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TCO: It’s just a number, and not a useful one, either (first appeared in InfoWorld)

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My first professional contact with InfoWorld was in 1993. I’d just installed a user-friendly front end to CompuServe when along came the Gartner Group’s total cost of ownership (TCO) model — at the time, well over $8,000 per year for a single PC.

Inflamed with righteous anger and (more to the point) itching to use my new CompuServe software, I wrote a less-than-diplomatic guest column for InfoWorld that began, “Does anyone else find the Gartner Group annoying?” and finished, “The definition of an expert here in Minnesota is `a guy from the East Coast with slides’. So I’m expecting Gartner to win without even a chance to debate the issues.”

InfoWorld Opinions Editor Rachel Parker added a thoroughly inflammatory headline, and a few weeks later, the Gartner Group offered me, manager of a 1,000-node network, a chance to debate the issues after all — at its annual symposium, in front of about 600 CIOs and other assorted dignitaries.

Modesty forbids my reporting the one-sided results. Oh, OK. I used Gartner’s accounting methods to calculate the TCO for a day planner. As I recall, it came to well over $4,000 per year. The whole thing was hilarious and left no doubt in the minds of the 600 attendees who was on the side of truth and the American Way.

A week later our chief financial officer, unaware of my newfound status as industry pundit, asked if I’d seen the Wall Street Journal article showing that PCs really cost more than $8,000 per year.

A lot has changed since then. Rachel has become a good friend. I’m writing regularly for InfoWorld and have moved to the consulting side of the industry. And the TCO estimates have inflated even further. Earlier this year I promised to provide an alternative. Starting this week I’m going to do just that.

The most important step in arriving at the right answer, Albert Einstein once pointed out, is asking the right question. Most sources describe Einstein as a pretty bright guy, so we’re going to take his advice.

The question answered by TCO is the aggregate PC/LAN cost to an average company. Not only is this the wrong question, it’s wrong in two different dimensions.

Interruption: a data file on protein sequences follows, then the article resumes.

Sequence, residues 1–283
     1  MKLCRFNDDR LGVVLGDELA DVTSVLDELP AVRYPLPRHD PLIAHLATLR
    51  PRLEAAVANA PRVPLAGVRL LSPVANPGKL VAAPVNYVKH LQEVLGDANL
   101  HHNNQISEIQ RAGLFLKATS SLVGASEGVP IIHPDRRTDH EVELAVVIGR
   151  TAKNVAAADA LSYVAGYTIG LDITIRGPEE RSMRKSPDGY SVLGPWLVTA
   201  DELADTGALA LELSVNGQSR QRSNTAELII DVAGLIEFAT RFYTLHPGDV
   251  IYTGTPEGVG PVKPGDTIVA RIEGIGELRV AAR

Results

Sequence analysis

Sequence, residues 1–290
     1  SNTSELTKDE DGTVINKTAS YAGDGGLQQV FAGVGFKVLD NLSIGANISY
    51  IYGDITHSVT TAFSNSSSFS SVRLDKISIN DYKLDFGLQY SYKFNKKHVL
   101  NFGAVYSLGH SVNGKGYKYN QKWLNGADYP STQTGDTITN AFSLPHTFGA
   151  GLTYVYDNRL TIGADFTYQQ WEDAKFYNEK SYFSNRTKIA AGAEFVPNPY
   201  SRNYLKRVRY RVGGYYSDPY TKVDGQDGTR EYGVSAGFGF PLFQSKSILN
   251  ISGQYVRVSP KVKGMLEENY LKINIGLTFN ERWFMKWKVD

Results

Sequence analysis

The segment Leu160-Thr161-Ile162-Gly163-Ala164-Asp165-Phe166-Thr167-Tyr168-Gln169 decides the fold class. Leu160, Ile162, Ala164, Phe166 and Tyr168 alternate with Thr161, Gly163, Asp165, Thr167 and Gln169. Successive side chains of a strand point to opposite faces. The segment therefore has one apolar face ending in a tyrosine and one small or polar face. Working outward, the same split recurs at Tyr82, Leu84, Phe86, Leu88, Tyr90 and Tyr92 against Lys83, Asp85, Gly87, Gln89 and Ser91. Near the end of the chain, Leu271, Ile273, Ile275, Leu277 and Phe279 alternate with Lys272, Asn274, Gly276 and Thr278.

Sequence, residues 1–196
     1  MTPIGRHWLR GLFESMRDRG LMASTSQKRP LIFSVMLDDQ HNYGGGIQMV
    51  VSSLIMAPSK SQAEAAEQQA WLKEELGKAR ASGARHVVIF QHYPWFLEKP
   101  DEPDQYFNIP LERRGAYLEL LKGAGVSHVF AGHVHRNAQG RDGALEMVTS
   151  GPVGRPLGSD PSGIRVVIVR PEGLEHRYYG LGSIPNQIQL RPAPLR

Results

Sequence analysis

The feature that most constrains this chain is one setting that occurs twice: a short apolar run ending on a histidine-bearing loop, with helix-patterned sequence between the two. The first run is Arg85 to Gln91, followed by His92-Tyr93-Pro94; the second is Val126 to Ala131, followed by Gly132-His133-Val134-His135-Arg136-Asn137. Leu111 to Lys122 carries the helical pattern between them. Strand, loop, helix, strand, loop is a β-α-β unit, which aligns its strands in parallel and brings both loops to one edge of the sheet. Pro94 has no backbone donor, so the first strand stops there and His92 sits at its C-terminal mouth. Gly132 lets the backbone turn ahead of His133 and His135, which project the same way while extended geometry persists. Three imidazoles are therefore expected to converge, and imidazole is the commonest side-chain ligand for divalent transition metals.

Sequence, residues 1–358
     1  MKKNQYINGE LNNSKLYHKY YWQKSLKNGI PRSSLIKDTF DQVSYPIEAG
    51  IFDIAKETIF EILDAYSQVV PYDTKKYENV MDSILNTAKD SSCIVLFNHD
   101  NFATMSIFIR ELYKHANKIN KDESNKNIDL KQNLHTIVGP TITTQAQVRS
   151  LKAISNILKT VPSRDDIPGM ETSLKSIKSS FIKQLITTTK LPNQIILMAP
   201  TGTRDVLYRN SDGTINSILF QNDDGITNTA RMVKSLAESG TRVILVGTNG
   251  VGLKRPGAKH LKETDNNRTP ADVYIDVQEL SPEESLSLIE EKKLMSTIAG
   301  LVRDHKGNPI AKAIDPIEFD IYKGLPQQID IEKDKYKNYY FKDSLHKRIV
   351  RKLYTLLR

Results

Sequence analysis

Here’s the first: It measures cost. That’s not a very intelligent thing to measure, as you know if you invest. Do you worry about the cost? No, you worry about the avoidable costs.

Businesses don’t spend, they invest. They invest in salaries, benefits, office space, raw materials, and, yes, personal computers and LANs. Businesses expect a return on all of these investments better than what they’d earn by putting the same money in an indexed mutual fund (or some similar measure).

Companies — smart ones at least — don’t cut costs. They cut avoidable costs, just as you do. They cut costs that don’t deliver enough return, just as you sell stocks that don’t perform. And they find lower-cost methods, just like you move to a discount brokerage to reduce trading fees.

The other problem with the TCO question is more subtle. PCs and LANs are a means to multiple ends, and an incomplete means to most of them. TCO lumps together some, but not all, of the costs of three very different kinds of process:

  • Personal productivity and effectiveness: You use your PC to write memos, letters, and reports; develop financial models; do research; maintain your calendar; keep track of contacts; and file and retrieve all kinds of documents.
  • Communications: You use your PC to send and receive information to people both inside and outside your company.
  • Company core processes: PCs and LANs are part (but not all) of the computing platform on which you run production systems. These production systems define the work of many employees. This distinguishes them from word processors and spreadsheets – tools for which employees define the work.

The result of adding three partial costs isn’t a useful insight.

It’s just a number.

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